By Philip Newman
The shoulder-to-shoulder crowds who competed with commuters for space at Grand Central Terminal last Friday came for a birthday party — the 100th for the venerated transit hub on a day of speeches, celebrities, brass bands and prices more appropriate to a century ago.
It was Feb. 2, 1913, when Grand Central Terminal first opened its doors after a decade of construction to replace Grand Central Depot, where electricity had replaced steam in locomotives following a public outcry over a collision of two steam-powered trains killing 15 people and injuring dozens.
Now 100 years later, the terminal is used by 700,000 travelers a day who ride the No. 7 trains to Queens, the Long Island Rail Road and Metro-North trains to points in New York state and Connecticut.
The West Point Brass and Percussion Band started the program with a concert that included the premier of “Grand Central Centennial Fanfare,” but it was John Philip Sousa’s “Stars and Stripes Forever” that brought waves of applause.
Caroline Kennedy, whose mother, Jacqueline Kennedy Onassis, played a leading role in the campaign to preserve Grand Central from destruction in the 1960s, said her mother had been distressed when the beautiful Pennsylvania Station on Manhattan’s West Side was leveled in 1966.
“When it came to Grand Central Terminal, it was too much,” Kennedy told the celebrants. “She understood how great public spaces create community.”
Among others who appeared were Mayor Michael Bloomberg; Cynthia Nixon, of TV’s “Sex and the City”; singer Melissa Manchester; baseball great Keith Hernandez; U.S. Poet Laureate Billie Collins; the Bronx High School Choir; and officials of the Metropolitan Transportation Authority, which operates Grand Central.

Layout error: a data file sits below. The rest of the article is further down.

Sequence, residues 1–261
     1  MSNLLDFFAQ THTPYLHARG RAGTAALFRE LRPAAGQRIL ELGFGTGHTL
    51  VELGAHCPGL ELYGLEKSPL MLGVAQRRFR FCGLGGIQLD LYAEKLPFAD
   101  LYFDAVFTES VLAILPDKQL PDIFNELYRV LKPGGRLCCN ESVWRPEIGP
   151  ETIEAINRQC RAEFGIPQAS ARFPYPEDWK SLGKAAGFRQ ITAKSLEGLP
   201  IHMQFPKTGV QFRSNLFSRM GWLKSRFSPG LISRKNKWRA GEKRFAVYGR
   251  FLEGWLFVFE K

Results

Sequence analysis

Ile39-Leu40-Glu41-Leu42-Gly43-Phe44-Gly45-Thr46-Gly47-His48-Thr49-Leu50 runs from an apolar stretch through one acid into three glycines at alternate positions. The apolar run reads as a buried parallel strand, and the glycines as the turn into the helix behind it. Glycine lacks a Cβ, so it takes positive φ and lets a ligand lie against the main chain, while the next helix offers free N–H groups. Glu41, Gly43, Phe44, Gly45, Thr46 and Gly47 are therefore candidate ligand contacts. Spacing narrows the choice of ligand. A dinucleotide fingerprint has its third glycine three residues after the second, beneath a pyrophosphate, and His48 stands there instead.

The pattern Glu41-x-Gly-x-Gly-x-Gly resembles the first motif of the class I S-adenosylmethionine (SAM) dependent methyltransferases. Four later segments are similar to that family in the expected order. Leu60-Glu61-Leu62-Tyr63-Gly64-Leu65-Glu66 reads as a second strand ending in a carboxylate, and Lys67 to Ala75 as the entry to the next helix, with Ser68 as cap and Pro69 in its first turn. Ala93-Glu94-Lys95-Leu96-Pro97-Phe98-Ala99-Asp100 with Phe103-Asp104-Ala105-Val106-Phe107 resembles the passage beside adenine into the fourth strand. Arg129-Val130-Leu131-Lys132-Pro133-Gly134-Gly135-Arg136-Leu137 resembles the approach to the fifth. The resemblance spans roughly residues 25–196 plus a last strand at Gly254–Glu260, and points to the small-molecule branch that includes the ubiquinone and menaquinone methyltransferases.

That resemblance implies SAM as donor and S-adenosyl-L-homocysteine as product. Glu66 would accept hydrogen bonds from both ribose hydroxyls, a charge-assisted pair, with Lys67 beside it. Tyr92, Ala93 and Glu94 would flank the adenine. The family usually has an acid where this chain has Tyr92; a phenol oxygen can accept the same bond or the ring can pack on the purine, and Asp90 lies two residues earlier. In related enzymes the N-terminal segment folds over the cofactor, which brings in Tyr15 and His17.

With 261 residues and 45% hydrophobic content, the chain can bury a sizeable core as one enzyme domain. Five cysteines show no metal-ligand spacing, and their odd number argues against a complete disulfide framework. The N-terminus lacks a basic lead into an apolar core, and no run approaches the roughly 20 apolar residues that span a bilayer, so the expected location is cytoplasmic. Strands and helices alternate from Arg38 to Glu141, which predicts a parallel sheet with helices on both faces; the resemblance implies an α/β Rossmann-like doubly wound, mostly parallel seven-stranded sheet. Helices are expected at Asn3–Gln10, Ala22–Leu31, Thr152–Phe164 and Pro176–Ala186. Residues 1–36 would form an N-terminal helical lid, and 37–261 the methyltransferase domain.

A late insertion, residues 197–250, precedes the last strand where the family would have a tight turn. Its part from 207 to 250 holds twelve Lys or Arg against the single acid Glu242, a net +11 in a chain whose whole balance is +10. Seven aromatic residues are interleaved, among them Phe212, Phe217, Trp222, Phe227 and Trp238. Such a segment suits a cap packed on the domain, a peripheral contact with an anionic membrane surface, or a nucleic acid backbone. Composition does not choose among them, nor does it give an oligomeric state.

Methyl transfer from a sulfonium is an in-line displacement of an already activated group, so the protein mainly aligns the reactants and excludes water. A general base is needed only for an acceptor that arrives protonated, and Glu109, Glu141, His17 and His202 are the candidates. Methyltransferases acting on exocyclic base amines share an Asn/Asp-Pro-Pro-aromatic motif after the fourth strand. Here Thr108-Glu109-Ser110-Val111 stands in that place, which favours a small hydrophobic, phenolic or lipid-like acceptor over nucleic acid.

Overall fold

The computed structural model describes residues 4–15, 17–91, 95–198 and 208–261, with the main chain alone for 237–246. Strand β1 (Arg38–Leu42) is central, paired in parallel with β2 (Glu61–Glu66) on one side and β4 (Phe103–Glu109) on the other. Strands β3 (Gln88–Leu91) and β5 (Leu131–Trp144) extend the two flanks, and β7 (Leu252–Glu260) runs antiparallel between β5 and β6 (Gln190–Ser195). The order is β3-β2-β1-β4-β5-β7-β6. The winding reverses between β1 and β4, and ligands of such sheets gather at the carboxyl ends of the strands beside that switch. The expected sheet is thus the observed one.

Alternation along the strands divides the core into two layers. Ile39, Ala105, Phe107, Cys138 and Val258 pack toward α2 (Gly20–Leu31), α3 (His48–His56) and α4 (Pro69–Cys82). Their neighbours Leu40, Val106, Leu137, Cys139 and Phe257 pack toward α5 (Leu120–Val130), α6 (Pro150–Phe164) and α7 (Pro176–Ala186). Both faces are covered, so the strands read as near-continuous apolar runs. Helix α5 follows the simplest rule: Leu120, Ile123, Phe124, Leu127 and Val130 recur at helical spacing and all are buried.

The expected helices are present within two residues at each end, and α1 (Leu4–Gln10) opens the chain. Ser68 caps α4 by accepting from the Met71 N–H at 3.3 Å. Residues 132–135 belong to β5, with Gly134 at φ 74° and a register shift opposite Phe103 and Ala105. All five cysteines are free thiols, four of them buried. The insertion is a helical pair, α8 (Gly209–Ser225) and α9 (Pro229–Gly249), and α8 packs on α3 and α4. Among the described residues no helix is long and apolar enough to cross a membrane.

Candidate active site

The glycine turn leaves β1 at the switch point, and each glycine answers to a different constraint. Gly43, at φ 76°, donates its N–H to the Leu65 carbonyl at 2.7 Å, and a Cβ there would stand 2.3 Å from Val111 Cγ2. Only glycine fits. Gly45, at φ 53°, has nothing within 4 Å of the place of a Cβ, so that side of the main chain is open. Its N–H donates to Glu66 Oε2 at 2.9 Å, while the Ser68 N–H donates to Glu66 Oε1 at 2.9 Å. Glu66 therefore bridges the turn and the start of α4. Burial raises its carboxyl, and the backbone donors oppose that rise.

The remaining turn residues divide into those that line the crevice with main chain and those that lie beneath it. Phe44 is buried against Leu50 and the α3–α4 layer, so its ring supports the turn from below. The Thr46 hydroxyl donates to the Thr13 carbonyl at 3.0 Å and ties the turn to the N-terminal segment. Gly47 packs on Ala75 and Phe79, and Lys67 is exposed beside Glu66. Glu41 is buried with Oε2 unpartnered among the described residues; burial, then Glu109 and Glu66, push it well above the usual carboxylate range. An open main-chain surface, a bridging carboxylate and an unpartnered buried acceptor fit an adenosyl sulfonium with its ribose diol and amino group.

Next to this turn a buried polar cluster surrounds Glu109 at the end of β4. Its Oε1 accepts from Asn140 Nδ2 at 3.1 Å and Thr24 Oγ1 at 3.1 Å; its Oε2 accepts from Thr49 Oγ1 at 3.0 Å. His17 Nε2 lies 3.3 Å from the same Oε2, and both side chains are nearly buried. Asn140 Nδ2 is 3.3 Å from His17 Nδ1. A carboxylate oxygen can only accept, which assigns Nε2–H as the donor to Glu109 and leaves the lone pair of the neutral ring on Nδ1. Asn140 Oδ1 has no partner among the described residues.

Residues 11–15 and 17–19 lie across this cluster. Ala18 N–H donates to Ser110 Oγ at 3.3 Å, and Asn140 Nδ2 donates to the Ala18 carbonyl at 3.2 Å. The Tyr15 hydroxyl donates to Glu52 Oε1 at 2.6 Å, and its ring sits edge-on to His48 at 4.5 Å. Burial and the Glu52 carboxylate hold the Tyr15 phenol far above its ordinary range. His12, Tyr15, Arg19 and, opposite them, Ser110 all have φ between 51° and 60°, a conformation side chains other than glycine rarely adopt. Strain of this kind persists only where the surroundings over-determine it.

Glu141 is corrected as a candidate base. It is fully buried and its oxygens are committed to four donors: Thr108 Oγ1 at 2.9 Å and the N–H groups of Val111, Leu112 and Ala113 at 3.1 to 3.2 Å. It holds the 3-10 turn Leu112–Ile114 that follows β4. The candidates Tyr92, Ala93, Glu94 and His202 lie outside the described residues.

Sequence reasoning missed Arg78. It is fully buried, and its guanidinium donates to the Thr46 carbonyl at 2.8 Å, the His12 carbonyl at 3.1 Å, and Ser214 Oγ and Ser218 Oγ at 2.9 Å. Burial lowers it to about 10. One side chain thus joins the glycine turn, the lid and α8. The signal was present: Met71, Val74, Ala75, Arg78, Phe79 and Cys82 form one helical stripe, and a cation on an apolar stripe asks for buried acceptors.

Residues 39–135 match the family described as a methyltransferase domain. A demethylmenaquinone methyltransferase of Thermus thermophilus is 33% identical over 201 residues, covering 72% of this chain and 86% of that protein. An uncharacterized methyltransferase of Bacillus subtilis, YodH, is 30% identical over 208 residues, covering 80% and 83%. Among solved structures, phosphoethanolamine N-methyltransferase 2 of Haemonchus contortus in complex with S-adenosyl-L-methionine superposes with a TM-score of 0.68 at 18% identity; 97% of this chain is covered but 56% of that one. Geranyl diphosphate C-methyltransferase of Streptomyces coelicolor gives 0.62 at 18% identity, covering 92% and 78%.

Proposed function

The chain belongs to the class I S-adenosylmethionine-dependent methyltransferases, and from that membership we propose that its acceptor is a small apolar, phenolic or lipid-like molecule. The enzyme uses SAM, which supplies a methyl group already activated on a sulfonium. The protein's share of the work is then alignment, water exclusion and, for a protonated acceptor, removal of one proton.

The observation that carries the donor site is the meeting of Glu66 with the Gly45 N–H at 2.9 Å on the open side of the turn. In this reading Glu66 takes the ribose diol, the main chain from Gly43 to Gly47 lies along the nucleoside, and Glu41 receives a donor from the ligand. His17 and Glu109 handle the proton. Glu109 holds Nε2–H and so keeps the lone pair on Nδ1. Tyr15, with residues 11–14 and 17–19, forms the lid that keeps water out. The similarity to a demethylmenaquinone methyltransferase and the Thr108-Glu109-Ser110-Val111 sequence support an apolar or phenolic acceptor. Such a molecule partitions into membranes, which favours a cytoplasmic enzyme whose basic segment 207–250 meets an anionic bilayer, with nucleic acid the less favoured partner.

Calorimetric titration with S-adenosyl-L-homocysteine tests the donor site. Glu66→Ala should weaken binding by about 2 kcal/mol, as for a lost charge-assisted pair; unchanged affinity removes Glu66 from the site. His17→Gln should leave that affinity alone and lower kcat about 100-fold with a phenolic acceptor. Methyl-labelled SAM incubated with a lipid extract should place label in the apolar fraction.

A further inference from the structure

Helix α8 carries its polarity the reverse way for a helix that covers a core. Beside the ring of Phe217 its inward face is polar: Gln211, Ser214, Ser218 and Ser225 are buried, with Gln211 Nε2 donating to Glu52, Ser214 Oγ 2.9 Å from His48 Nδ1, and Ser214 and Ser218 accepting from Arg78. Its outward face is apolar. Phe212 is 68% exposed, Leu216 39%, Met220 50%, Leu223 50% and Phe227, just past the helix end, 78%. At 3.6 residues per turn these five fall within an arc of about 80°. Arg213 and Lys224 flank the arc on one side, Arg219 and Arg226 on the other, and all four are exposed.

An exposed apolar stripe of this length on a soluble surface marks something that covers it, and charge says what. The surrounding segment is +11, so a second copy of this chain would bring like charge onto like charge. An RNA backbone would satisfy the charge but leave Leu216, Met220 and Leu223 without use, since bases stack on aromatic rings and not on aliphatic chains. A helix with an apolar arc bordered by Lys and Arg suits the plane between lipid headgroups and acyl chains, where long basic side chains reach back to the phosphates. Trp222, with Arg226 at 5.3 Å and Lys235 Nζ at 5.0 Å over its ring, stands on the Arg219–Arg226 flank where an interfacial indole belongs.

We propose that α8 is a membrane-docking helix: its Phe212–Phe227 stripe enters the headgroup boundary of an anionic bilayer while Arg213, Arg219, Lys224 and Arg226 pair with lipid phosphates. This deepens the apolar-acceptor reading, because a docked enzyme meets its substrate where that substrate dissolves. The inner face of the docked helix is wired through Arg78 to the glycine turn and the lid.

“As a native New Yorker, I lived through the dark and dingy days of Grand Central Terminal, when people dared not linger,” said Acting MTA Chairman Fernando Ferrer. “I lived through the scourge of subway graffiti and a broken transportation network. The restoration of this great public space is symbolic of the renaissance of New York City and its transportation system. Hats off to Grand Central Terminal and the visionaries who made it possible.”
Businesses in Grand Central got into the spirit with 1913 prices and freebies.
The restaurant Pescatore had shrimp at 19 cents, the Leather Spa offered 10-cent shoeshines, the Oyster Bar charged 19 cents per slice for cheesecake, Zaro’s rye bread went for 6 cents a loaf and Swatch sold dime nylon watch straps. Among the freebies were coffee at Starbucks and cookies at Michael Jordan’s The Steak House N.Y.
The observance of Grand Central Terminal’s century mark will go on throughout the year with exhibitions and other activities.
Reach contributing writer Philip Newman by e-mail at firstname.lastname@example.org or phone at 718-260-4536.